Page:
I own a few rental properties in the low-income neighborhood I live in. I also help immigrant families who can’t access traditional financing become homeowners. You might say we try to help low-income families find--what's a name for it--"Financial Peace". A thread:
We have a 3-bed house that rents for $600 to a retired, Latino couple. Haven't raised the rent in 10 years.The market says we could rent it for $1000/mo. No applause necessary. That itself feels greedy. Let's be real: someone else literally pays my mortgage, building my wealth.
We started purchasing some of these homes at a time when people even greedier than I crashed a housing market that sent a disproportionate number of Black and brown families packing. But we knew rentals weren't the way to build back their wealth.
So we started helping immigrant families purchase all the foreclosed homes and former rental properties on our street using investment $ from friends from church. What were the results?
1. My neighbors monthly payments were cut in half from their rent. 2. They work in construction trades so they immediately invested in remodeling unlike the absentee landlords before. 3. They started building wealth (est. $1.75 million for about a dozen families).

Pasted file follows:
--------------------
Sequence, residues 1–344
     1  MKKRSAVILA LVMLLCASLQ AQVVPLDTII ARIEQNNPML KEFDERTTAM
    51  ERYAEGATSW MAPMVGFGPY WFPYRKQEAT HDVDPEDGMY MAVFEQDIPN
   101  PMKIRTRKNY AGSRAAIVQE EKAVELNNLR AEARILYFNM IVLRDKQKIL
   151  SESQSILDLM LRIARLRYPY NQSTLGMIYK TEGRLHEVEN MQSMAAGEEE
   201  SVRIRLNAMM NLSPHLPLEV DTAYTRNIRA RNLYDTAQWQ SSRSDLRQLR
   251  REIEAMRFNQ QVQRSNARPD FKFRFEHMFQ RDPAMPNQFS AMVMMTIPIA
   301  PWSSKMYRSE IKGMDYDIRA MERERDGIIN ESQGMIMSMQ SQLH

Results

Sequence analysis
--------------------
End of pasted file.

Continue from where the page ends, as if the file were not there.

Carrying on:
4. We could finally build community with our neighbors because they wouldn't be replaced by new tenants in 6-8 months.
We had learn that profit must be redefined, expanded and more encompassing. Wealth isn't what's in our savings account, but being a member of a community where everyone has enough and is as financially resilient as we are. Accept 7% profit when 50% is possible.
When Hebrew prophets talked about "financial peace" they talked about "Everyone will sit under their own vine and under their own fig tree, and no one will make them afraid" Micah 4:4. No longer would they be tenants of another person’s field or another person’s house.
The prophets talked of that better future because while ostensibly religious people fasted, offered sacrifices, threw festivals, they took advantage of the poor. They didn't think religion had anything to do with their business deals--their loans, their tenant agreements.
They built stone mansions, vineyards, ivory-adorned beds and couches, partied (Amos 5&6). They might have looked something like this. Look familiar?
Anyway, God couldn't stand it. "Away with the noise of your songs! I will not listen to the music of your harps. But let justice roll on like a river, righteousness like a never-failing stream!" Amos 5:23-24.
What was true for Israel is true for us today: If my "financial peace" depends upon the financial impoverishment of another, it's not Christ's peace.
For all the talk about personal responsibility that Ramsey and others use to demonize poor people, isn't it ironic that he claims to have no power to control rent because "the market displaced them"? How about we take personal responsibility for the greed that exploits others?
But this isn't about Ramsey or even "the rich". This is about me and anyone like me that has savings enough to have an investment property. Our temptation is of the rich fool to build bigger barns to store our surplus grains (Luke 12).